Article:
Catheter Ablation -> Ventricular Arrhythmias -> Mapping & Imaging D-PO01 - Featured Poster Session (ID 11) Poster

D-PO01-186 - Left Ventricular Substrate Characterization By Conduction Velocity In Sinus Rhythm, Ventricular Pacing, And Ventricular Fibrillation (ID 957)


Background: Ventricular tachyarrhythmias after myocardial infarction remain a common cause of sudden death. Scar or replacement fibrosis is known to be an underlying substrate for these fatal rhythms. Substrate mapping during sinus rhythm is a low-risk approach to identifying ablation targets for these arrythmias.
Objective: To explore whether shared areas of consistent conduction slowing or block could be identified irrespective of wavefront direction and rate (during sinus rhythm, ventricular pacing from multiple sites, and ventricular fibrillation [VF]).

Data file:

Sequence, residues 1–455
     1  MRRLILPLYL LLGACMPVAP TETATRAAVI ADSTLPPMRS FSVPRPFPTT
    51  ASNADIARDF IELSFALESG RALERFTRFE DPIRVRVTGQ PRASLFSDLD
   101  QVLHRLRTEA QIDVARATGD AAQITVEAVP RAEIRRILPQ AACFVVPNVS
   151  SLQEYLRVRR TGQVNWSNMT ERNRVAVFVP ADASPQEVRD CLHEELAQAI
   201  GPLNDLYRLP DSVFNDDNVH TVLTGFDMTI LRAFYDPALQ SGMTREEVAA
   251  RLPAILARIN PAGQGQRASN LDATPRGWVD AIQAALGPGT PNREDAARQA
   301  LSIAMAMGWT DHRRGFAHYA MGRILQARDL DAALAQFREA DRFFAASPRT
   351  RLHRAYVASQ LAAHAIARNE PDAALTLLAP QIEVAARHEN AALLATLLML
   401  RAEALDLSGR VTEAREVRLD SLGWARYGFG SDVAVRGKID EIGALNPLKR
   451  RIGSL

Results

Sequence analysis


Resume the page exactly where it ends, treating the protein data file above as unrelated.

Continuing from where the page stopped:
Methods: Anterior infarcts were induced in 3 sheep via intracoronary ethanol infusions. Conduction velocities (CV) were computed from charge density using a polynomial fitting method during sinus rhythm and during pacing from 3-5 sites as well as during 4-5 seconds of VF (AcQMap, Acutus Medical). Regions of consistently slow CV were compared to areas of scar as identified on enhanced cardiac MRI.
Results: Localized areas of consistently slow CV were observed in all animals during all rhythms, including VF (mean 24 wavefronts). These areas most often corresponded to border regions of ventricular scar identified on MRI (Figure).
Conclusion: Our study suggests that localized regions of the ventricle with consistently slow CV exist, including during VF, and that they are often found near scar borders. These regions could be identified through interrogative substrate mapping during ventricular pacing from varied sites.